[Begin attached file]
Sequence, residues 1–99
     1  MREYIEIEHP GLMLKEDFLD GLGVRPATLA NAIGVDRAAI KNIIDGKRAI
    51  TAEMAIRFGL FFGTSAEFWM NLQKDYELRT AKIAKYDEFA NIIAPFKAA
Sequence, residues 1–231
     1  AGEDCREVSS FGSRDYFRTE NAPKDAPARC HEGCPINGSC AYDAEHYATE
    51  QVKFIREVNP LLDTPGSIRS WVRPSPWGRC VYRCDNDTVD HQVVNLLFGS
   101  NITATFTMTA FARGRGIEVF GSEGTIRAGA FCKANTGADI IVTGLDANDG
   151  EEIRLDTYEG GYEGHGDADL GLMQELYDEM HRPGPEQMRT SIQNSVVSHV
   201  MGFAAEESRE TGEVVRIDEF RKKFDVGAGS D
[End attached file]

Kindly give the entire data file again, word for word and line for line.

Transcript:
Sequence, residues 1–99
     1  MREYIEIEHP GLMLKEDFLD GLGVRPATLA NAIGVDRAAI KNIIDGKRAI
    51  TAEMAIRFGL FFGTSAEFWM NLQKDYELRT AKIAKYDEFA NIIAPFKAA
Sequence, residues 1–231
     1  AGEDCREVSS FGSRDYFRTE NAPKDAPARC HEGCPINGSC AYDAEHYATE
    51  QVKFIREVNP LLDTPGSIRS WVRPSPWGRC VYRCDNDTVD HQVVNLLFGS
   101  NITATFTMTA FARGRGIEVF GSEGTIRAGA FCKANTGADI IVTGLDANDG
   151  EEIRLDTYEG GYEGHGDADL GLMQELYDEM HRPGPEQMRT SIQNSVVSHV
   201  MGFAAEESRE TGEVVRIDEF RKKFDVGAGS D